Zinke added birther conspiracy theorist to his super PAC's board: report

Zinke added birther conspiracy theorist to his super PAC's board: report
© Greg Nash

Interior Secretary Ryan ZinkeRyan Keith ZinkeOvernight Energy: Perry to step down as Energy secretary | Future of big-game hunting council up in the air | Dems lose vote against EPA power plant rule Future of controversial international hunting council up in the air Overnight Energy: Advisory panel pushes park service to privatize campgrounds | Dems urge Perry to keep lightbulb efficiency rules | Marshall Islands declares national climate crisis MORE filled a top position at his super PAC with a right-wing commentator who promoted the so-called birther conspiracy theory against former President Obama, CNN reported Tuesday.

Retired Maj. Gen. Paul Vallely, who joined Zinke's super PAC Special Operations for America as a board member in July 2012, reportedly regularly espoused the false claims that Obama was born outside the U.S. and is Muslim, two long-standing fringe conspiracy theories on the right.

Vallely on Zinke's radio show also promoted a false theory that a Saudi national was behind the 2013 Boston Marathon bombing, CNN's KFile reports.

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Zinke has called Vallely a "great patriot" in at least one radio appearance. In a statement to CNN, the Interior Department did not deny Vallely's relationship with Zinke but also did not confirm whether Zinke challenged his beliefs.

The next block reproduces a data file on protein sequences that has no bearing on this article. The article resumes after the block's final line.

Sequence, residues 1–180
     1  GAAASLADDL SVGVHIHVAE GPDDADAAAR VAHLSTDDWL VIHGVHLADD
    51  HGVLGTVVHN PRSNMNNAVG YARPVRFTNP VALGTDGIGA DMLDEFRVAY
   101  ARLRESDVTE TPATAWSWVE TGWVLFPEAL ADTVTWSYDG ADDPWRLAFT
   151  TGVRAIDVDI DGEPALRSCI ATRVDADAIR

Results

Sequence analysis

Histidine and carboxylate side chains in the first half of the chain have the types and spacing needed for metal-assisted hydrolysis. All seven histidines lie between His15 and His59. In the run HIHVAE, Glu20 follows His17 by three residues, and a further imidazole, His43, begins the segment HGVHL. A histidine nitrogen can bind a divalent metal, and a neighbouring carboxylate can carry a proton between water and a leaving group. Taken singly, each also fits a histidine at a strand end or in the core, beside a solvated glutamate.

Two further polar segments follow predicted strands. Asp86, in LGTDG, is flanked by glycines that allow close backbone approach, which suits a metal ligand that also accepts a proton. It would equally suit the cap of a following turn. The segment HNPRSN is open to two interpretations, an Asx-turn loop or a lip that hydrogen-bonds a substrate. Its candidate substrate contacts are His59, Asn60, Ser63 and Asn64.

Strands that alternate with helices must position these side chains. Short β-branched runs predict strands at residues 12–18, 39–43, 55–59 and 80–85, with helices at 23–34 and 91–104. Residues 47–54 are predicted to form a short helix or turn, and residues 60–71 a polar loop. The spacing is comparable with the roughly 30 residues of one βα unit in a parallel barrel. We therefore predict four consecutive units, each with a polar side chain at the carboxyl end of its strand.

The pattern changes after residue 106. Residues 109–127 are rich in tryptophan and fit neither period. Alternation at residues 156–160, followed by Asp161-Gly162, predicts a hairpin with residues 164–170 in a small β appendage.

"Ryan Zinke is a retired Navy SEAL commander who respects the general's service and respects the sacrifice of the Vallely family who lost their son while he was serving in the Army," said Interior Department press secretary Heather Swift.

In a statement to CNN, Vallely said that questioning Obama's birthplace does not make him a "birther," despite claiming in 2010 that there was "no proof that I've seen that he was born in Honolulu."

"I just questioned, along with others, where he was born. That doesn't make me a birther," Vallely told CNN.

"I always admired [Zinke's] military performance, his honesty, and then he ran, started running for political office — I can't remember the year — and I attended a number of events in support of Ryan and I've been a close friend ever since and I'm very happy that he's doing well in the administration," he added.

Vallely is one of several right-wing commentators who appeared on Zinke's radio show and espoused the birther conspiracy.

Earlier in April, CNN reported that a co-founder of an unrelated super PAC, Special Operations Speaks, Larry Bailey, joined his radio program and discussed questions about Obama's college records with Zinke.

In 2012, Bailey said that Obama was not born in the United States and called himself a part of the birther movement, according to the news network.

This story was updated at 4:27 p.m. to correct an error misidentifying Special Operations Speaks and Special Operations for America as the same organization.